(Alesina and Perotti, 2004, p. 44)

Quite whether this realpolitik reassessment is likely remains to be seen, however. The problem is that although the SGP may be dead, the general question remains: can a single currency and single inflationary objective coexist with such potential variability in fiscal positions? In addition, how is ‘fiscal discipline’ to be organised and guaranteed if there is no effective SGP?. Financial convergence across the Euro-zone is, in large part, predicated upon the ‘confidence’ that inflationary pressures can be coped with. But if ‘fiscal discipline’ fades, and the different EU countries were to expand their economies by indulging in competitive reflations via significantly increasing government expenditures financed by borrowing, this would increase local risk factors at the expense of the carefully crafted common position forged across the Union as a whole. Inflationary pressures could emerge, interest rates rise, and confidence in the Euro be undermined. As a result a ‘one size fits all’ monetary policy would no longer be viable (if, indeed, it ever has been).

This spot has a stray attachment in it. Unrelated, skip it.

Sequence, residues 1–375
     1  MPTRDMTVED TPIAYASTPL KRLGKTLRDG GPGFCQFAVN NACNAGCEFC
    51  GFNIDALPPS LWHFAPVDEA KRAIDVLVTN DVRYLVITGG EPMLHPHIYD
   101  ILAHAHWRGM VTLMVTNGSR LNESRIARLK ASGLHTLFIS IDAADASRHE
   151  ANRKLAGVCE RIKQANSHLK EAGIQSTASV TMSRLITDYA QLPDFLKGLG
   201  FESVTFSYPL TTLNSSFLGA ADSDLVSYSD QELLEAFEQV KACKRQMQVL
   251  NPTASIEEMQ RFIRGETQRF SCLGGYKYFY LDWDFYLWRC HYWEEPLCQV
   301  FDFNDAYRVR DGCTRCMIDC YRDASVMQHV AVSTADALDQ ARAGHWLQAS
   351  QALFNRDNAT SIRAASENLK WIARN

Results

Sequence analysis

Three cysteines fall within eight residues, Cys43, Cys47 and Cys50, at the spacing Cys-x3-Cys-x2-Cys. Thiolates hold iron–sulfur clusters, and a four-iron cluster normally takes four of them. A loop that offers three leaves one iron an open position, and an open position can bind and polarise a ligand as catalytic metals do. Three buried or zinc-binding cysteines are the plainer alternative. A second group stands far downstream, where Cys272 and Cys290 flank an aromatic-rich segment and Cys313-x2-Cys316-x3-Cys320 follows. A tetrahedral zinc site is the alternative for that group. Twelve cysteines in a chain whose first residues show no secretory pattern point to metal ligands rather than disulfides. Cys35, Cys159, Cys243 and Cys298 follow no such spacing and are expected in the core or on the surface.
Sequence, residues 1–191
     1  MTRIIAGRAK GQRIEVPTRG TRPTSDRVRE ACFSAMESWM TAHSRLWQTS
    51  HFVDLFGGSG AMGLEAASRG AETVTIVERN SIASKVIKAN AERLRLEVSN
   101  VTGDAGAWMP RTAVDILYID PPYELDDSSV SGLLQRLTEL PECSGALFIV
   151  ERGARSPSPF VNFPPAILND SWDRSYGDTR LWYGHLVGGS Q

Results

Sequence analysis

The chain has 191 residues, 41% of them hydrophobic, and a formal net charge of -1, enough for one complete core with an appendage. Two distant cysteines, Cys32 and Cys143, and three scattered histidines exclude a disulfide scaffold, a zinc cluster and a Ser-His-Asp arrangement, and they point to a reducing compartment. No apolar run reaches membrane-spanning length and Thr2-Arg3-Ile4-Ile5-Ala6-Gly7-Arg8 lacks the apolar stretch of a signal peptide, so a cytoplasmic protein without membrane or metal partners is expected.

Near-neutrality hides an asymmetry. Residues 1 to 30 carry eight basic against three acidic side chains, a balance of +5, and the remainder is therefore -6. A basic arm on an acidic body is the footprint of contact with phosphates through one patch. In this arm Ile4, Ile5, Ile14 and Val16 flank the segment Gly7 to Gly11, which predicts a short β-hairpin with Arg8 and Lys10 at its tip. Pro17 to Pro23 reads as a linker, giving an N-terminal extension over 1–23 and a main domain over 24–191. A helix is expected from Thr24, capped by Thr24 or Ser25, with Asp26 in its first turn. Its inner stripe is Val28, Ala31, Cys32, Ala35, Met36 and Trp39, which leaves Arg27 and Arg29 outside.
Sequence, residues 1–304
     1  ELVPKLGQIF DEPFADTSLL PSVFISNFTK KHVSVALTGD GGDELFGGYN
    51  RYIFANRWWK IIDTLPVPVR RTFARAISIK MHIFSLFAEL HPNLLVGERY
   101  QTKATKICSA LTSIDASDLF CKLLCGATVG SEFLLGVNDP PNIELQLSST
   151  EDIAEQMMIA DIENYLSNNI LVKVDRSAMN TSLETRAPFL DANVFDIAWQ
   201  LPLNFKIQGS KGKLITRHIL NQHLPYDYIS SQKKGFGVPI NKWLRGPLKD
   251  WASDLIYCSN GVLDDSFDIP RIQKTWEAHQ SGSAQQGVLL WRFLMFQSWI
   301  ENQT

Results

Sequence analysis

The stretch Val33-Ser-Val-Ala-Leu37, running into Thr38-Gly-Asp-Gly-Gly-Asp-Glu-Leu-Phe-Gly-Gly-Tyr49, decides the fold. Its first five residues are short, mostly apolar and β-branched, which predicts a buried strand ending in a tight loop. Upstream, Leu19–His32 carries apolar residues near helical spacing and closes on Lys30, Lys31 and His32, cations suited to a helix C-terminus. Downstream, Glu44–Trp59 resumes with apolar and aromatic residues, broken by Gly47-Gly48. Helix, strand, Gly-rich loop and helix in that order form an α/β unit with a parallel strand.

Within the SGP rules, where there is a presumption that in the medium term government budgets would balance, only differences in tax rates would allow for differences in government expenditure rates; so the way that fiscal policy is constrained is clear. Higher expenditures on social policy objectives, for instance, could only be financed by increased taxes and/or contributions. What this imparts in the system as a whole, then, is a deflationary bias in economic activity almost regardless of the explicit monetary policy stance adopted by the ECB. But given that the ECB's monetary policy has also been restrictive, always operating in the shadow of the need to fight inflation, a double deflationary bias operates. Autonomous large-scale increases in government expenditure for re-distributive or stabilisation objectives are ruled out. And, given the emergence of a single market in Europe, tax increases could only be levied of non-mobile factors anyway. Capital is very mobile so levying taxes on company profits, for instance, is difficult. Indeed, in their attempt to attract capital and companies to their territories, governments have engaged in corporate tax competition to present their business environments as friendly to company activity, with low corporate tax rates; a ‘race to the bottom’ results. (However, the tax take from corporation tax has actually risen in some instances, but this is because of the recovery in the overall levels of corporate profits, so that even with lower tax rates a higher tax take can ensue.)